After months of uneven recovery following last October’s program changes, reverse mortgage volume has fallen to a low it hasn’t seen since 2004.

The latest data from analytics firm Reverse Market Insight reveals that HECM endorsements fell 17.4% in November to 2,553 loans – reaching its lowest point since new policy guidelines were implemented last fall.

The revised guidelines, known throughout the industry as the 10/2 changes, reduced the amount of proceeds and the number of people who could qualify for the loan.

All but one region saw volume drop last month, with Great Plains being the exception with a 3.2% gain.

RMI pointed out that Pacific/Hawaii’s total last month exemplifies the industry’s downturn – that region declined 68.2% last month from January.

All of the top 10 reverse mortgage lenders saw their volume fall last month. Among those top 10, eight are down so far this year compared with last, with some posting a difference as high as 30%.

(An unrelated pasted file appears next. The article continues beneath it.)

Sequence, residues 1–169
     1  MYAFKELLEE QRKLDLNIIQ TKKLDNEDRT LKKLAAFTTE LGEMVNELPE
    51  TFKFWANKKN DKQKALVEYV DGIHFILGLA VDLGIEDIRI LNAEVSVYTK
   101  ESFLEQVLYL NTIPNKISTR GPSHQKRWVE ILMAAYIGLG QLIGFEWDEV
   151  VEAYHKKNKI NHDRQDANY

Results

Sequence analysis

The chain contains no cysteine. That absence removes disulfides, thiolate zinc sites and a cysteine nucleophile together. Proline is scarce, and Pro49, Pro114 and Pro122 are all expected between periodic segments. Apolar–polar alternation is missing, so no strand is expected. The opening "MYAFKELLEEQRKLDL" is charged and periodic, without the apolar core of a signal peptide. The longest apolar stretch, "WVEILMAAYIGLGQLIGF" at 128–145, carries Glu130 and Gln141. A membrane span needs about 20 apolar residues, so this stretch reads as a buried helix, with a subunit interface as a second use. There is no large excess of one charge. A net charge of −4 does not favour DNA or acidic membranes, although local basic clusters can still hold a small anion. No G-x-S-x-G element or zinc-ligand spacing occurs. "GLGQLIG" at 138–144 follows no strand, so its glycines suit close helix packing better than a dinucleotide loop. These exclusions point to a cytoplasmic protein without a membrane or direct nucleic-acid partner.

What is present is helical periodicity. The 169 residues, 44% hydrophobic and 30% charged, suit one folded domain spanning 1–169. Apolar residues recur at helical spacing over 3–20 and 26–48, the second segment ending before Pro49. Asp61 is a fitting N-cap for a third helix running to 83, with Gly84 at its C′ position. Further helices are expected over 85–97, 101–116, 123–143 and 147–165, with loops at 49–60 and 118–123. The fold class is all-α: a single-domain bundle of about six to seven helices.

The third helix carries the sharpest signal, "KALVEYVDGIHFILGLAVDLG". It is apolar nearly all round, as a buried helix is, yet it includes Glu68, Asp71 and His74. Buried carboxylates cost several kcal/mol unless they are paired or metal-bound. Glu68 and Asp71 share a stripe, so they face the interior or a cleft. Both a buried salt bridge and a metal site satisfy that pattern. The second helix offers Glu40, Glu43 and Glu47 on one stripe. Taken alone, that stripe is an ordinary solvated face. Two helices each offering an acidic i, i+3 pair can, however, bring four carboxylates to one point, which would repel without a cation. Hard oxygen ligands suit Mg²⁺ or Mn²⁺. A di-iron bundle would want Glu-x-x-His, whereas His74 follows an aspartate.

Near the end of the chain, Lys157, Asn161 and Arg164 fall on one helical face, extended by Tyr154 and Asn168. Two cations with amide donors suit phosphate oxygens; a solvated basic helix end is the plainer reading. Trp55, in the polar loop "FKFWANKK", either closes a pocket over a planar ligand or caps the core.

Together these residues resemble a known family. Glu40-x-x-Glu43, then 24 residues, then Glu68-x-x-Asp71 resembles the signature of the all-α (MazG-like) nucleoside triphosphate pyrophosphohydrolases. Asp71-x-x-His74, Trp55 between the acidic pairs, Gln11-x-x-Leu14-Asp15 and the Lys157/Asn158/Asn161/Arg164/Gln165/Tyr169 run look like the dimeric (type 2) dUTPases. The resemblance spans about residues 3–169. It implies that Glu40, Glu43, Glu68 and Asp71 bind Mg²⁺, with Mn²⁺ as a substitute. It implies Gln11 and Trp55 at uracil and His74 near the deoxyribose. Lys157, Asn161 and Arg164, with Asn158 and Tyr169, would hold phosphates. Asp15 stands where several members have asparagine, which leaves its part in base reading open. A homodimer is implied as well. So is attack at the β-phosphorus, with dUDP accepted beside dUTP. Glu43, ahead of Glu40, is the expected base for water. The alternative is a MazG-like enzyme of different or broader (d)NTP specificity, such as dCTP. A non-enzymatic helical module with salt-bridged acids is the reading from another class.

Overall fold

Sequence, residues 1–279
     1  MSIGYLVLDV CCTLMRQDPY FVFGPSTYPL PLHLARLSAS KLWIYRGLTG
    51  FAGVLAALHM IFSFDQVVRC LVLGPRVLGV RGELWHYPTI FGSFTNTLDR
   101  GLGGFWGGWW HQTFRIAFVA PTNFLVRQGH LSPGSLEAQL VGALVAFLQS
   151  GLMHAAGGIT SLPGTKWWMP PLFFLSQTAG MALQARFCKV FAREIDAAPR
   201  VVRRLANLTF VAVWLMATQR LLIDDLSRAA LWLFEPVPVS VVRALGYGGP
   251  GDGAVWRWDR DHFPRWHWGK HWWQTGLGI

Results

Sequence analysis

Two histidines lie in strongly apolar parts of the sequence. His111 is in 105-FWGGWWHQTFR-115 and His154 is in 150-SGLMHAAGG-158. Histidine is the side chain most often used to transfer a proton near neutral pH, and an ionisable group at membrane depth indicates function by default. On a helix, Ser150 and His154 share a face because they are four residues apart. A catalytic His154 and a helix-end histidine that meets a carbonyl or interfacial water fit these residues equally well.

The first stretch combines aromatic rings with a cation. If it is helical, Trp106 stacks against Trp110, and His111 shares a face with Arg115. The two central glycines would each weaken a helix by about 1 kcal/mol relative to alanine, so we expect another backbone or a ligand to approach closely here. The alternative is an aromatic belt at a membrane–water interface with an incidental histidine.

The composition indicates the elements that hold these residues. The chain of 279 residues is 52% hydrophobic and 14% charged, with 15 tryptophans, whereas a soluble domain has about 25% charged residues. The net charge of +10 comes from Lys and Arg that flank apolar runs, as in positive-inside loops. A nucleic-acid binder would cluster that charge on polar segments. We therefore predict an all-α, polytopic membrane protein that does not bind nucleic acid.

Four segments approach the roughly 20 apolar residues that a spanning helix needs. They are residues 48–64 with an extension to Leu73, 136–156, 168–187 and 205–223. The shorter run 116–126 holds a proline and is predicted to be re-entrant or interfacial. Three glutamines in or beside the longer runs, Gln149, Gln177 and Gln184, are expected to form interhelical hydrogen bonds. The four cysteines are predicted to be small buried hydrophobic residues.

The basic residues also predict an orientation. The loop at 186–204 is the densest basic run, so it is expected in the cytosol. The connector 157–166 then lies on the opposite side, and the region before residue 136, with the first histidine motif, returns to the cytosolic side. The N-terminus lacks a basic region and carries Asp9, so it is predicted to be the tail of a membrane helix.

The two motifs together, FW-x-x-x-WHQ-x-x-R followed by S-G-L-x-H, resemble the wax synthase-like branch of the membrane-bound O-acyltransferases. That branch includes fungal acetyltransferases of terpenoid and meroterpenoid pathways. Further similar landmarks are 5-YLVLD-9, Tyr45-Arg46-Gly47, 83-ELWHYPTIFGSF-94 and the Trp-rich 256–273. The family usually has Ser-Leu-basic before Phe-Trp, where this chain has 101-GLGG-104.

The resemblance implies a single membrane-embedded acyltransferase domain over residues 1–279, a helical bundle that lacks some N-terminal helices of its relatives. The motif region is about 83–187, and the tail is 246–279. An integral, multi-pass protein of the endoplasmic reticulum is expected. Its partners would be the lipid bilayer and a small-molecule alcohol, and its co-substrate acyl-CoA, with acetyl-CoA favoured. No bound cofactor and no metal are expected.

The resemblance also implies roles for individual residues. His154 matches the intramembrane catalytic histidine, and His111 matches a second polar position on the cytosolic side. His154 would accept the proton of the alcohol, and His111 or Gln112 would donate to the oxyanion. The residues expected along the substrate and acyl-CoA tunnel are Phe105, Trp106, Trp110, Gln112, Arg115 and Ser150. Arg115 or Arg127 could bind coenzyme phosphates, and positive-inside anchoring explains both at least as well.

RMI President John Lunde said the recent boom in private, non-agency reverse mortgages could be partly to blame.

“It's very likely that proprietary is eating up some of what would otherwise be HECM volume,” Lunde said. “The bigger question is whether that volume/revenue/margin is enough to offset the decreased HECM total. On that front, I'd say it's most likely not, but it is reasonably possible.”

“I think HECM is at a place where it's easier than ever to compete against for proprietary products and may become a smaller share of the total reverse market,” Lunde added.

But if proprietary volume is not driving the HECM’s decline, then Lunde said the drop in volume is more troubling.

One possible reason could be the fact that some lenders have diversified in order to remain profitable in today’s climate, Lunde said.

“This could also be a side effect of some of the largest reverse originators de-prioritizing reverse as they build other product lines to become ‘product agnostic,’” he said. “That's likely the right move for those businesses given the reverse environment, but it could lead to lower reverse volume and more volatility in reverse activity.”

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